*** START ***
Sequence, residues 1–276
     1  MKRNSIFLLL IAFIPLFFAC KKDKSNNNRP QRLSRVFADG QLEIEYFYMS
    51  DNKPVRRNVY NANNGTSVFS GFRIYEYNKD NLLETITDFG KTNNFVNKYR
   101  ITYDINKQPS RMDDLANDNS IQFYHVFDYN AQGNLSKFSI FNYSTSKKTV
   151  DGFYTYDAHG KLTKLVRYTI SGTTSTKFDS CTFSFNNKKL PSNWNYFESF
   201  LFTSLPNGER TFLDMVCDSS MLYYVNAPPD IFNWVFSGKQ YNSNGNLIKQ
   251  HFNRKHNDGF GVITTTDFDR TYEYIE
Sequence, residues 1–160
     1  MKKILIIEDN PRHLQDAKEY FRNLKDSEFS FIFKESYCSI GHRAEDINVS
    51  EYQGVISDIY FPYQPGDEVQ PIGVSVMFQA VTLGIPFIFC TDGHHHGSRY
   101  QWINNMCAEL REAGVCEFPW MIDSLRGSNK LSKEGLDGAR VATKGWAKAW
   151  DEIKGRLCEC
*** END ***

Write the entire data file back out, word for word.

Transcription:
Sequence, residues 1–276
     1  MKRNSIFLLL IAFIPLFFAC KKDKSNNNRP QRLSRVFADG QLEIEYFYMS
    51  DNKPVRRNVY NANNGTSVFS GFRIYEYNKD NLLETITDFG KTNNFVNKYR
   101  ITYDINKQPS RMDDLANDNS IQFYHVFDYN AQGNLSKFSI FNYSTSKKTV
   151  DGFYTYDAHG KLTKLVRYTI SGTTSTKFDS CTFSFNNKKL PSNWNYFESF
   201  LFTSLPNGER TFLDMVCDSS MLYYVNAPPD IFNWVFSGKQ YNSNGNLIKQ
   251  HFNRKHNDGF GVITTTDFDR TYEYIE
Sequence, residues 1–160
     1  MKKILIIEDN PRHLQDAKEY FRNLKDSEFS FIFKESYCSI GHRAEDINVS
    51  EYQGVISDIY FPYQPGDEVQ PIGVSVMFQA VTLGIPFIFC TDGHHHGSRY
   101  QWINNMCAEL REAGVCEFPW MIDSLRGSNK LSKEGLDGAR VATKGWAKAW
   151  DEIKGRLCEC